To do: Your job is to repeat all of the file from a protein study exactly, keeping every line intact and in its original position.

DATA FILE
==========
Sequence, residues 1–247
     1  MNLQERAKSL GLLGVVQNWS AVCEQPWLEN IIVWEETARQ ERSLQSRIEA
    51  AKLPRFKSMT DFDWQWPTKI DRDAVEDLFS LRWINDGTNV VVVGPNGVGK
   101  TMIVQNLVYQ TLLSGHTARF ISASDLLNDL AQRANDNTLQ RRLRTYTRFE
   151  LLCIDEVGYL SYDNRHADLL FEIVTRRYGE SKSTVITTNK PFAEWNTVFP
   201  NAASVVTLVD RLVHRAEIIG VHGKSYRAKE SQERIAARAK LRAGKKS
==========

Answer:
Sequence, residues 1–247
     1  MNLQERAKSL GLLGVVQNWS AVCEQPWLEN IIVWEETARQ ERSLQSRIEA
    51  AKLPRFKSMT DFDWQWPTKI DRDAVEDLFS LRWINDGTNV VVVGPNGVGK
   101  TMIVQNLVYQ TLLSGHTARF ISASDLLNDL AQRANDNTLQ RRLRTYTRFE
   151  LLCIDEVGYL SYDNRHADLL FEIVTRRYGE SKSTVITTNK PFAEWNTVFP
   201  NAASVVTLVD RLVHRAEIIG VHGKSYRAKE SQERIAARAK LRAGKKS